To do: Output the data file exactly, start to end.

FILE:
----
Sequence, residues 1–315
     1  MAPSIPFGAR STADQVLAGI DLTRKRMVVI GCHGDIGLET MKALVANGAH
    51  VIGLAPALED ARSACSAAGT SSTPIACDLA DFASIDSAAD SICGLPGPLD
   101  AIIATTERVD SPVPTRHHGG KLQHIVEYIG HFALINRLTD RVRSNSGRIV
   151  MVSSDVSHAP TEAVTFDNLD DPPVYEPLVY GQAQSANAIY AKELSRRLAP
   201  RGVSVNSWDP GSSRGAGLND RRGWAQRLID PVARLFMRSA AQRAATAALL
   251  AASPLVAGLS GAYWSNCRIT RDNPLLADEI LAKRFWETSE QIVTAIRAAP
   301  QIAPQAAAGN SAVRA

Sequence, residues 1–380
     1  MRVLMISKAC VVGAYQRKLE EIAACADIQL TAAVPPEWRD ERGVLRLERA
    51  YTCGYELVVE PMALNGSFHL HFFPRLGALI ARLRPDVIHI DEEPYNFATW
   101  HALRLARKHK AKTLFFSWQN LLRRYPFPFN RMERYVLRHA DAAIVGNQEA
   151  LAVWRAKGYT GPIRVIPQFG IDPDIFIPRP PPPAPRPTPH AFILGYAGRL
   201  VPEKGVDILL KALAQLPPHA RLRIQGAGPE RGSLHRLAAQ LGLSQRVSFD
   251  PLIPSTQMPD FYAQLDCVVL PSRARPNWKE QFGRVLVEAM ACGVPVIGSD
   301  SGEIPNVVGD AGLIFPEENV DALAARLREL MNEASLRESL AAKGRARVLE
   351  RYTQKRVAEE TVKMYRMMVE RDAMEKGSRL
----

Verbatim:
Sequence, residues 1–315
     1  MAPSIPFGAR STADQVLAGI DLTRKRMVVI GCHGDIGLET MKALVANGAH
    51  VIGLAPALED ARSACSAAGT SSTPIACDLA DFASIDSAAD SICGLPGPLD
   101  AIIATTERVD SPVPTRHHGG KLQHIVEYIG HFALINRLTD RVRSNSGRIV
   151  MVSSDVSHAP TEAVTFDNLD DPPVYEPLVY GQAQSANAIY AKELSRRLAP
   201  RGVSVNSWDP GSSRGAGLND RRGWAQRLID PVARLFMRSA AQRAATAALL
   251  AASPLVAGLS GAYWSNCRIT RDNPLLADEI LAKRFWETSE QIVTAIRAAP
   301  QIAPQAAAGN SAVRA

Sequence, residues 1–380
     1  MRVLMISKAC VVGAYQRKLE EIAACADIQL TAAVPPEWRD ERGVLRLERA
    51  YTCGYELVVE PMALNGSFHL HFFPRLGALI ARLRPDVIHI DEEPYNFATW
   101  HALRLARKHK AKTLFFSWQN LLRRYPFPFN RMERYVLRHA DAAIVGNQEA
   151  LAVWRAKGYT GPIRVIPQFG IDPDIFIPRP PPPAPRPTPH AFILGYAGRL
   201  VPEKGVDILL KALAQLPPHA RLRIQGAGPE RGSLHRLAAQ LGLSQRVSFD
   251  PLIPSTQMPD FYAQLDCVVL PSRARPNWKE QFGRVLVEAM ACGVPVIGSD
   301  SGEIPNVVGD AGLIFPEENV DALAARLREL MNEASLRESL AAKGRARVLE
   351  RYTQKRVAEE TVKMYRMMVE RDAMEKGSRL